Document Type

Honors Paper


Chad Jones

Publication Date



Invasive species present a growing risk to native ecosystems. It would be impossible to eliminate them, but by learning where they are more likely to occur it may be possible to concentrate resources on removal and management in the most at risk areas. A number of site characteristics may influence invasive species presence and invasion trends. In order to determine what factors affect species presence and historical invasion trends, I utilized data from decennial surveys conducted in the Bolleswood Natural Area of the Connecticut College Arboretum in New London, Connecticut. In 1952, 4 transects were established across the area, composed of contiguous 3.05 by 3.05 meter plots. Every ten years, presence, height, DBH, and cover of all species in each plot were recorded. Other environmental variables in the plots were recorded as well. I used logistic regression models to determine the factors that explained the distribution of invasive species in 2012. I also determined if the factors that influenced invasion changed over time. Models were formulated to analyze how overall presence of invasives in 2012 and new occurrences in each sample year related to site history in regard to disturbance, soil characteristics, topography, light availability, dispersal, and species richness. For presence data in 2012, topography, light availability, dispersal, and species richness. For presence data in 2012, plots on historically agricultural land with moister and less well-drained soils and higher soil pH were more likely to host invasive species. For historical invasion trends, plots on historically agricultural land with greater total richness and proximately to the fence during initial invasion and later proximity to adult plants were the best indicators. However, age class appears to play a role beyond absolute forest age, as invasion was consistently found inthe youngest, historically agricultural, plots even after 60 years of forest development. These conclusions suggest that there are factors that can be utilized to predict invasion, and confirm the benefit of long term studies within a large area, such as the one at hand.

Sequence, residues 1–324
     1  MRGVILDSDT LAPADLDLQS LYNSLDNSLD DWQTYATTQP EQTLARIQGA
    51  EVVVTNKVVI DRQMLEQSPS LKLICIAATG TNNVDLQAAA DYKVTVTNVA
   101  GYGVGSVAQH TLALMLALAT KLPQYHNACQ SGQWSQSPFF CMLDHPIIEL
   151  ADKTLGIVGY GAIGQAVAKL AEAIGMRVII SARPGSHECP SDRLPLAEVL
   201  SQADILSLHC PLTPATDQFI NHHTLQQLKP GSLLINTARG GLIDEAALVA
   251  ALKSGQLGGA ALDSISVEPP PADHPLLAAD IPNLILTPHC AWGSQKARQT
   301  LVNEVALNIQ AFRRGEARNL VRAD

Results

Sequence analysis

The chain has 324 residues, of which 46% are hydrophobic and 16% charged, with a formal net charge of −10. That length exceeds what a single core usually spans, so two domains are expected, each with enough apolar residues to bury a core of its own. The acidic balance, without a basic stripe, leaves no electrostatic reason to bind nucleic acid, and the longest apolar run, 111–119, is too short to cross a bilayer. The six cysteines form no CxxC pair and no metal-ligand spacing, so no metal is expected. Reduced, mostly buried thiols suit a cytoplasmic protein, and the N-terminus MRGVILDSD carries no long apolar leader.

The views expressed in this paper are solely those of the author.